A review of 2017.

This year has been beautiful, extraordinary, healing and empowering. It has also been a year of growth, of learning how to be strong, and of tackling things head on. I am so very grateful for 2017. It has been my favourite year yet. Since it’s the last day of the year, I’m going to share some little (ish!) but meaningful parts of this past year.

Getting married! This year started off extremely exciting (also extremely stressful) with our wedding and honeymoon in February. We spent all of January preparing, from making decorations and our own flower bouquets, to organising all the more logistical aspects. Planning a wedding is tough work! However, our special day was more wonderful than we ever could have hoped, and we were lucky enough to be surrounded by all the people we love. We have so much gratitude for the special people in our lives. Our wedding wasn’t expensive nor luxurious – our venue was a community hall and park – but I can’t imagine or would want it any other way.

University. This year was the furthest I have ever made it at university! I have now completed two years of my three-year degree, and next year is my final year. Previously I had completed 1.5 years at university before I had to leave due to my failing mental health, so making it through this second year in one piece was a milestone. This year I also got to give a few presentations in front of my classes, and although it was nerve-wracking at the time, I really enjoyed it, and can feel my confidence growing for public speaking. During April we went on a four-day field trip to the forest and mountains, and had an incredible experience. All thanks to recovery (it’s funny what adequate nutrition and good coping mechanisms can do), I also somehow managed to get the best grades I have ever gotten, which was a nice surprise, but something I’m trying not to base my entire academic worth upon.


Therapy. And recovery too! Aside from a very brief stint in therapy last year, this year has marked my official beginning of therapy, and consequently, recovery from anxiety and panic attacks. The skills I have gotten to learn in therapy have proved to be invaluable for not only anxiety and panic attacks, which was the initial reason I started going, but also for many other aspects of my mental health as well. My therapist is incredibly wonderful and helpful, and the endless hours spent in her office throughout the year have truly changed my life. Getting my medication switched from an SSRI to an SNRI has also made a world of difference. To begin with, therapy was terrifying, but now I am beginning to see that staying unwell is far more scary than learning to heal ever could be.

Work. Although not much has changed at work this year, I have noticed a definite change in my confidence and levels of anxiety at work. I have also made a couple of wonderful friends there who I am so thankful for.

Running. During July, August and September I began and completed the Couch to 5K program, which was wonderful! I went from barely being able to run for more than a few minutes, to running for much longer stretches at a time, and seeing a huge change in my fitness level. Running has also been extremely helpful with coping with anxiety.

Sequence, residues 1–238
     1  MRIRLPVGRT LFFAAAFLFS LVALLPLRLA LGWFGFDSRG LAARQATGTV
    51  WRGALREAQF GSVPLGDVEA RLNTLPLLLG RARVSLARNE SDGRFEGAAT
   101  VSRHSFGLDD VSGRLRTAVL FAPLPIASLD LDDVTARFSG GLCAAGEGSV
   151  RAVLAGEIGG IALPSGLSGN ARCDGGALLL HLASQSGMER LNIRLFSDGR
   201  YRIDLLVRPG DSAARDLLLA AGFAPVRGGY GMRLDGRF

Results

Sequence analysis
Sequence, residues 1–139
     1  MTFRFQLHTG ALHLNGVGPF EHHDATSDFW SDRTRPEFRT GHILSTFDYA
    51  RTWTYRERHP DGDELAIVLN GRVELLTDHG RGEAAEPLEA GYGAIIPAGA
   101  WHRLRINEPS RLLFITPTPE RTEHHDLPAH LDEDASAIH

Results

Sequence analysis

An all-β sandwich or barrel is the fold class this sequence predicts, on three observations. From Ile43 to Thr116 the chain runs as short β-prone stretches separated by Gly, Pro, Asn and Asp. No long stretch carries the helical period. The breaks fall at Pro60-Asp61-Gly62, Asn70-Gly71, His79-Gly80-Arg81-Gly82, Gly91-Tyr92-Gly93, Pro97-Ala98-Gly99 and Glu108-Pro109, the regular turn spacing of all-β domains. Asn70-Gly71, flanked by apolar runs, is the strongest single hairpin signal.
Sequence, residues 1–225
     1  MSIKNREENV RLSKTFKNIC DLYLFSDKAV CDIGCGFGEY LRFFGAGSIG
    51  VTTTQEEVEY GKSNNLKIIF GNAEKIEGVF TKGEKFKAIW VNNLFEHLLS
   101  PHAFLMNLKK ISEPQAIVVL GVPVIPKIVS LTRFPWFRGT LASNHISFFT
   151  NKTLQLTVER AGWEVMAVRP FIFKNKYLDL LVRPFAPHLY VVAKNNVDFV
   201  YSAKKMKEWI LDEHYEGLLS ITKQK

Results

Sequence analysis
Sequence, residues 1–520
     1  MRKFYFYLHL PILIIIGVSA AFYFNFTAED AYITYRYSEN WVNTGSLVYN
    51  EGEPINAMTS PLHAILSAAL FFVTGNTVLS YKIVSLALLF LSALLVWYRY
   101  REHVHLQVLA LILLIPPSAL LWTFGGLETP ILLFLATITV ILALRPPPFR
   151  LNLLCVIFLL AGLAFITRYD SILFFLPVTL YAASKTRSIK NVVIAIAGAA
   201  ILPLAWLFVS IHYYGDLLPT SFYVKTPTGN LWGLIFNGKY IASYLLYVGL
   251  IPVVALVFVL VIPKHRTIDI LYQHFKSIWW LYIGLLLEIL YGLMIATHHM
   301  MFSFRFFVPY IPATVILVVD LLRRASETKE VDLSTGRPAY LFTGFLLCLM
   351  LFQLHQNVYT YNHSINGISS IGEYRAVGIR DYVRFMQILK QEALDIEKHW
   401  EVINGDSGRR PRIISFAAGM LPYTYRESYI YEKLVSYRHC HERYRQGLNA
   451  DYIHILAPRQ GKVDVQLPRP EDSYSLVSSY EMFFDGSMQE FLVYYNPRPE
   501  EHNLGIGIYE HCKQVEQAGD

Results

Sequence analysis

Blogging and writing. November saw the beginning of this little blog, With Being Alive, a place to share an honest and authentic account about the world of living with, and recovering from mental illnesses. I have had a few blogs in the past (Tumblr was a crutch for anonymously getting what was in my head, out, during my teenage years), but nothing as open and vulnerable as this. I am so thankful for the wonderfully supportive community I have found here! They inspire and enlighten me each day.

Overall, I am grateful for 2017, and for all that it taught me. Who knows what 2018 will hold?

New Year’s Eve.

Right now it’s the morning of New Year’s Eve. We get to welcome the sun and each new morning first in our little country, which is something that makes me happy. I love mornings, as I’m definitely a morning person rather than a night person, and so each one feels like a small opportunity for a new beginning.

Today, however, is a tricky day for me. I’m trying to go about my day normally, but it’s difficult. I was hoping to write a more positive piece about this past year, and all the magical parts of it, but I couldn’t get past today, and what today means.

The thing about trauma happening on specific holidays is that it’s hard to forget the date. Not that I imagine it would be easy to forget the date of trauma on other days, but in some cases it’s related to the festivities of the specific holiday itself. It’s hard for New Year’s Eve to simply be only what it is meant to be – New Year’s Eve.


Instead of today being December 31st 2017, it’s a day defined by being three years since; an anniversary of sorts. After so many days of anxiety leading up to today, now that its here, I feel a weird kind of calm. For today, I don’t have to dread it’s approach anymore. The lead up to specific days is something that the anxiety loves.

Today, I’m going to work, and then a couple of friends are coming over tonight. Nothing I can’t handle on any other day, regardless of what the anxiety says. I would rather hide in bed today, but that won’t help to make me feel any better, and so carrying on as normal is a must.

I find solace in that other people too, all around the world, are surviving another year since whatever they have been through. Although this is sad and horrible, and must feel unbearable for so many, to not be alone in this experience is connecting and reassuring.